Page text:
Inflation and student loan rates create unsustainable debt

As someone who tutors incoming students, fall is an exciting time. I can watch all these beautiful humans explode into new things. There is so much potential. As a first generation student myself, I often find myself having conversations with other first generation students. Sometimes it’s amazing, because I can see new students gaping at all the possibilities available to them. But often there is a lot of nervousness, especially around the amount of debt needed to come to the University of Michigan. These students can expect to graduate from undergrad with tens of thousands of dollars in debt, sometimes with rapidly accumulating interest on top of that. Nationally, student debt burdens are worse for first-generation students or those from disadvantaged/working-class or racially-minority families.

So, I am always worried about my students. But this year has been particularly troubling for me, in large part because of something we don’t hear enough about: the relationship between measures used to target inflation and rising student debt.

There is no reason to go very far in runaway inflation and the Federal Reserve’s interest rate hikes in response. This discussion is happening literally everywhere else.

What we need to talk more about is that these solutions have imposed a disproportionate share of the damage caused by inflation on students. This is because when the Fed raises interest rates to slow inflation, the yield on 10-year Treasury bonds increases. Basically, these rates are what the government pays people who invest in them – the yields on US debt. For students, this is important because, since 2013, student loan rates have been linked to Treasury bill rates. The cost of student loans is tied to the cost of federal debt. But there is one important thing to note: student loans are still rising by 2.05% on top of the Treasury bill rate. It’s true. Here in America, we charge our children more to borrow money for schools than the lender pays when they borrow money. We expect to earn money from the students who go to school.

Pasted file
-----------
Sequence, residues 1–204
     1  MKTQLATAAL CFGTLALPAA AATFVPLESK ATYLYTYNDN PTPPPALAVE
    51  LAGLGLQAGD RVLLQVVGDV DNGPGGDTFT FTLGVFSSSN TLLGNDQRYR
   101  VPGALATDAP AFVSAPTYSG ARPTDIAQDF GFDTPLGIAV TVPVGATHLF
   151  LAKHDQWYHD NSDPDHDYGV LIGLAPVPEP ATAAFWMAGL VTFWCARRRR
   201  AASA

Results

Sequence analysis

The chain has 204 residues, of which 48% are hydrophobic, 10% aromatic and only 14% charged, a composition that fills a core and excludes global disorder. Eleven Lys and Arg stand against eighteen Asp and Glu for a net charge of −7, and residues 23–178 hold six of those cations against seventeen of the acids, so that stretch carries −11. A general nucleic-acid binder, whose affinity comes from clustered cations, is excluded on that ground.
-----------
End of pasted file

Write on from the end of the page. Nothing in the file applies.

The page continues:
This disgusting price spike is another example of how current financial policies are placing the cost of unsustainable capitalist growth on future generations. Young people are not the cause of current inflation rates, but they will be hit harder in the short term by a recession in response to rising interest rates. In the long term, they will also be worse off if they have to take out more expensive borrowing from their own future to stabilize the economy. Perhaps the most obscene thing is that when inflation eventually goes down, so will Treasury bill rates. But student rates are blocked. Students today will pay high rates on the loans they take out this year, no matter what the economy looks like when they graduate. Something has to be done.

Of course, there are many ways to do better with students. Eliminating student debt completely while moving forward to include college in our national promise of free universal public education would make the most sense. Restoring public university funding to levels that reduce the need for rapid annual tuition increases would likely help a little.

Biden’s recent decision to forgive some student loan debt is a welcome relief to some, but it does little to eliminate the unsustainable costs of education facing current and future students. As we push the President and Congress toward more comprehensive changes in education funding, we can buttress our arguments by pointing to concrete evidence of how current policies are designed go after the students. The way rates are calculated and locked in has been and still is predatory.

I don’t want the government making money off the amazing people I look forward to meeting every semester. I don’t want our heated conversations to drift into fear of how to repay the loans later. I don’t want to fight inflation on the backs of the next generation. And I certainly don’t want to continue the cycle of indebtedness that sustains this whole broken system. We can do much better.

Ryan McCarty is a lecturer in the Department of English Language and Literature at the University of Michigan and can be reached at [email protected]

Comments are closed.